Upfront Ventures raises the bar on LA with a $280M fifth fund
“The rich get richer.” “You need money to make money.” There are plenty of cliches to describe the phenomenon of wealth and resources aggregating at the top of the economic food chain. It’s true for people as often as it is companies. But what all these soundbites fail to convey is that often there’s a reason these groups are on top to begin with.
Upfront Ventures is a classic example. As Los Angeles’ largest and longest-standing venture capital firm, Upfront has earned its position atop this market. And today, it’s cashing in, announcing the close of its fifth and largest-ever fund at $280 million. The news comes a year after the firm rebranded as Upfront (formerly GRP) and refreshed its partnership with three out of six new faces in Greg Bettinelli, Kara Nortman, and Hamet Watt, and months after relocating from the banking mecca of Century City to startup ground zero in Santa Monica.
If it seems like Upfront just announced fund four, it’s because it did, sort of. The firm started raising the prior fund in 2011 completing a first close and beginning to deploy capital out of the vehicle in April of 2012. But due to a drawn out fundraising and closing process, the final $200 million fund four wasn’t announced until Summer 2013, along with the new branding.
The process for fund five was much different, taking just five months from beginning to end, according to Upfront Ventures Managing Partner Mark Suster. The firm set out to raise between $225 to $250 million but encountered demand for more than $400 million. With five investment partners and a venture partner (Watt), the decision was made to limit the fund to $50 million per full-time partner. The round consisted of more than half new LPs, according to Suster.
The goal with fund five is to complete approximately 30 early-stage investments over the next three years, while setting aside as much as 200 percent of ever dollar of initial investment for follow-on. That means the firm will target investing $10 to $12 million in its best deals over multiple rounds. Upfront will continue to target a rate of 50 percent Los Angeles-area deals and 50 percent elsewhere, while writing about 90 percent of its first checks into a Seed or Series A round. This latest fund should also return Upfront to the standard 36-month fundraising cycle, according to Suster.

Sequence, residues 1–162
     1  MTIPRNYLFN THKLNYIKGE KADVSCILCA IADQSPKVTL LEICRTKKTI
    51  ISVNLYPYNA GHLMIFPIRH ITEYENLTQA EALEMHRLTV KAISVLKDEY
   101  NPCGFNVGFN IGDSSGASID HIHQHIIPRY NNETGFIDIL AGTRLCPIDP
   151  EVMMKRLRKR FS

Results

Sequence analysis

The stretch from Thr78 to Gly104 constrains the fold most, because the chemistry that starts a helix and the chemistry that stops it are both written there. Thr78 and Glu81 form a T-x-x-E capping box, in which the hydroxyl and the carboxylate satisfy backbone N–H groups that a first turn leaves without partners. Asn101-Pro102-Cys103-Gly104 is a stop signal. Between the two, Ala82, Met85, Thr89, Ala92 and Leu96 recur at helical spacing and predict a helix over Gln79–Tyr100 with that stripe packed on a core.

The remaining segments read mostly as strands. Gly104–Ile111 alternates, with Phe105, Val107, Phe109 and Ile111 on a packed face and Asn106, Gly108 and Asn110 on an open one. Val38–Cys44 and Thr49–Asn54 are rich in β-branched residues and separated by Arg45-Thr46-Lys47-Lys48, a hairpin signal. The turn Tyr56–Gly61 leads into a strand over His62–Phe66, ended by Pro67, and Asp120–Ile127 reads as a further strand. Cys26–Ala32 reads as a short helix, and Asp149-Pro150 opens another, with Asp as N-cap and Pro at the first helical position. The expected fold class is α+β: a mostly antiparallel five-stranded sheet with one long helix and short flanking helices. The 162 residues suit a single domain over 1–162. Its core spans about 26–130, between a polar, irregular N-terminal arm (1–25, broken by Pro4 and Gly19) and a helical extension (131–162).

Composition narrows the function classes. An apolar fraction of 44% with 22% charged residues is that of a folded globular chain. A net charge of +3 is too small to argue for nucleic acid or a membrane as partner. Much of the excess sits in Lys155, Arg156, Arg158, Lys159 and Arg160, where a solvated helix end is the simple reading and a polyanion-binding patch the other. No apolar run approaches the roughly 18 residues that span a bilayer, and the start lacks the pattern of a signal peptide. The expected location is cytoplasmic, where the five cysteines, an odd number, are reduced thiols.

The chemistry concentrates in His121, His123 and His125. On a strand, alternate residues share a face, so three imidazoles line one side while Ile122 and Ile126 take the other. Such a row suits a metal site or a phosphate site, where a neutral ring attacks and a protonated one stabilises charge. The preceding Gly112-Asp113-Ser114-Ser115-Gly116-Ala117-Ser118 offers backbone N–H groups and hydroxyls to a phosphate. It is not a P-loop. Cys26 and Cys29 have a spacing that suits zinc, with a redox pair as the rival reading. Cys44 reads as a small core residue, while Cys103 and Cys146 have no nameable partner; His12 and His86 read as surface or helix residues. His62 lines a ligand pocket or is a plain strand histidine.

The uptick in LP demand this time around can be trace back to two parallel trends. First, over the last three years, the Los Angeles early stage technology market has gone from a curiosity to a meaningful and still growing ecosystem. Second, Upfront has seen multiple significant exits in the last 12 months, including Maker Studios, TrueCar, Burstly, and Gravity, and has a number of apparent winners still in its portfolio. It also doesn’t hurt that the macro-climate for venture capital is as positive as it’s been in nearly a decade – how long that will last is another question, however.
As far as investment thesis and market trends, Suster says Upfront will continue its focus on investing in “the most talented entrepreneurs going after the biggest ideas.” The firm has a history of success in ecommerce, SaaS, fin-tech, and retail innovation, with a more recent trend of backing mixed hardware and software ventures, Suster adds. Like everyone else in the market, Upfront is also seeing later stage rounds grow in size and seeing timetables compress between rounds as investors look to bet big on early traction. All of this increases the incentive to find the best deals as early as possible, something Upfront prides itself in doing as well as anyone.
Upfront may be the biggest VC firm in terms of dollars raised in LA, but that doesn’t mean it wins all the local deals. That includes misses on deals like Snapchat and Honest, both of which were led by Silicon Valley firms. Suster isn’t concerned.
“We’ll never win every deal, and some we even passed on,” he says. “But, if we can have more Honests, Snapchats, and Rubicons that we’re not in, that’s just the next generation of entrepreneurs that we can invest in three years from now. So it’s not something I feel bad about one bit.”
LA may be the third-largest tech market in the country, but the one consistent knock on the ecosystem has been that it lacks access to sufficient capital to support its growth. Thanks to Upfront and other large, tentpole funds like Greycroft (and newly March Capital) that's starting to change. It takes leaders to grow a market and Upfront continues to make the case that it's carrying that flag for LA.